Close agreement between the US and the EU on the commercial fight between Boeing and Airbus

And the European Union are close to a deal that would suspend their trade dispute over government subsidies to Boeing Co. and Airbus SE.,

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in a sign of easing from trade tensions, said a senior EU official.

European Commission President Ursula von der Leyen said Tuesday that she is “very positive and convinced” that an agreement would be announced later that day. “It is in our common interest to resolve it,” he said of the dispute.

A resolution to the 17-year trade fight, the longest and most costly in the history of the World Trade Organization, would significantly reduce trade tensions between the two giant and deeply interconnected economies.

Putting aside transatlantic differences on the issue would also allow the allies to jointly focus on China, which is making heavily subsidized efforts to develop large airliners.

While China faces challenges catching up with Boeing and Airbus, both are concerned that Chinese-made airliners pose a major commercial threat to their big sales in the world’s most populous country and others in the economic orbit of Beijing. . China currently accounts for a quarter of its aircraft deliveries.

The two sides agreed in March to a four-month suspension of tariffs on planes and a variety of other products, including wine and whiskey, in an effort to reach an agreement and improve strained bilateral relations.

A deal would come at a crucial time for the two aircraft makers, struggling with the pandemic-driven slowdown in air travel that has left many customers unwilling or unable to take on new planes.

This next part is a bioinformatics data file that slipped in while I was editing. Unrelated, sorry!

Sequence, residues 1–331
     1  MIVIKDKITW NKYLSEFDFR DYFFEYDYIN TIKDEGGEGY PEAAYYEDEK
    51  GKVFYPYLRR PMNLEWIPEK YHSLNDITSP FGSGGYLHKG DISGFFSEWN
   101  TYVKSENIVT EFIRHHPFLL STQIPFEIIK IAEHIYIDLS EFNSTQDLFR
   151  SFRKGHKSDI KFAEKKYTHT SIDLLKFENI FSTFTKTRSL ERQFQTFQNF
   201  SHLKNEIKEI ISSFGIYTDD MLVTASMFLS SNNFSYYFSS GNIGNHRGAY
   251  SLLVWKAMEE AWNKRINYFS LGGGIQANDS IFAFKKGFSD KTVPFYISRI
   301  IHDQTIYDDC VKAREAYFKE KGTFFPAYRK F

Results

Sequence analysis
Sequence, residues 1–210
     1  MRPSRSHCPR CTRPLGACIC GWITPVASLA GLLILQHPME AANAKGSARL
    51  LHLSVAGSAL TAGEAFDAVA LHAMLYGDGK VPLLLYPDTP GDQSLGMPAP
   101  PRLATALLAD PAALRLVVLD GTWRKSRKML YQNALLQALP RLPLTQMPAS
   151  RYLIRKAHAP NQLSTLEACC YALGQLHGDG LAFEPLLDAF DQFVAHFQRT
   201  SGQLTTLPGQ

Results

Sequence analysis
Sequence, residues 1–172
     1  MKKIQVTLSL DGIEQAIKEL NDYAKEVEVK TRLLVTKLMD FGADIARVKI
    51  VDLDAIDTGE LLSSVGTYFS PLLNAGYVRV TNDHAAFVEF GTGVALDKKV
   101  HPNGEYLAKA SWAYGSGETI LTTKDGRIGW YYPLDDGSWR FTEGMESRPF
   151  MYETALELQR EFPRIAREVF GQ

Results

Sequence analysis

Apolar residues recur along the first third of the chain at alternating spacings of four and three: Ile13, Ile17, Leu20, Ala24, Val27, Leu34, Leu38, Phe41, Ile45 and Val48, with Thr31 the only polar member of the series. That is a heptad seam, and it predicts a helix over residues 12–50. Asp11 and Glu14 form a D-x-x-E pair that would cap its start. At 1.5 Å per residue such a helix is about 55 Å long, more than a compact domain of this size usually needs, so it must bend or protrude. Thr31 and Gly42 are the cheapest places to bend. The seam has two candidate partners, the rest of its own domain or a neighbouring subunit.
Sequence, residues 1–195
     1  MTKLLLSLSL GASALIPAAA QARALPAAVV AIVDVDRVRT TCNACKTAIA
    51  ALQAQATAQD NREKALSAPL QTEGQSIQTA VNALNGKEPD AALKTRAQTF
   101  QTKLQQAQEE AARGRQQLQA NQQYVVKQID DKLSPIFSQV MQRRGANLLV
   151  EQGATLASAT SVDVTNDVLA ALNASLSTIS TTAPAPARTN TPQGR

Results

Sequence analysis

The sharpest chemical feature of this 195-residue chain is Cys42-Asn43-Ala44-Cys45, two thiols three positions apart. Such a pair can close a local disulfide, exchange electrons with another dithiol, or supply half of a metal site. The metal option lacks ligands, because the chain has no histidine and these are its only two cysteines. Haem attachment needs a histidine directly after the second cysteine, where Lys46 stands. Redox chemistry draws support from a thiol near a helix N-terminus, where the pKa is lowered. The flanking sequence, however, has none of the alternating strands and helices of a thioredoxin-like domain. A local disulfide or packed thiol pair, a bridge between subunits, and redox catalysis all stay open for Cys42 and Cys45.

Boeing is also deciding whether to launch a new airliner, with much of the long-standing dispute involving government loans, contracts and other support for clean-sheet aircraft.

The two parties agreed to suspend tariffs related to both parties’ complaints filed with the World Trade Organization. The suspension reflects the easing of trade tensions between Washington and its trading partners following the aggressive trade policies of former President Trump, who argued that global trading partners had long taken advantage of the United States.

Biden has said she wants to work closely with allies, and US Trade Representative Katherine Tai said during her confirmation hearing that she was eager to resolve the aircraft dispute.

The freeze between the US and the EU was accompanied by a similar agreement between the US and the UK, in which both countries suspended retaliatory tariffs in the aircraft dispute for four months.

The Airbus-Boeing dispute began in 2004 when the United States filed a complaint with the WTO, alleging that EU subsidies for Airbus put Boeing at a disadvantage. Under the Trump administration, the dispute evolved into a tariff fight that trapped food and beverage industries unrelated to aircraft manufacturing. Washington imposed tariffs on European food and wine worth 7.5 billion dollars in late 2019.

The EU struck back with levies on US whiskey, nuts and tobacco valued at around $ 4.5 billion. The United States stepped up sanctions on Dec. 31 with additional tariffs, putting virtually all French and German wine imports under its 25% tariff.

In the aircraft manufacturing industry, passenger jet deliveries are well below their pre-pandemic levels as the drop in travel demand led cash-strapped airlines to postpone or cancel orders. However, some customers have said that fees, and who pays them, are still a limitation on the number of deliveries.

Delta airlines From Inc.

The expansion of its Airbus fleet made it one of the US airlines hardest hit by the EU action, while Ryanair Holdings PLC’s planned delivery schedule of the Boeing 737 MAX made it the most exposed European airline this year. Ryanair is still waiting for its first MAX due to quality issues that forced Boeing to halt deliveries.

The carriers have not disclosed whether they or the manufacturer previously paid the fees.

Write to Daniel Michaels at [email protected] and Doug Cameron at [email protected]

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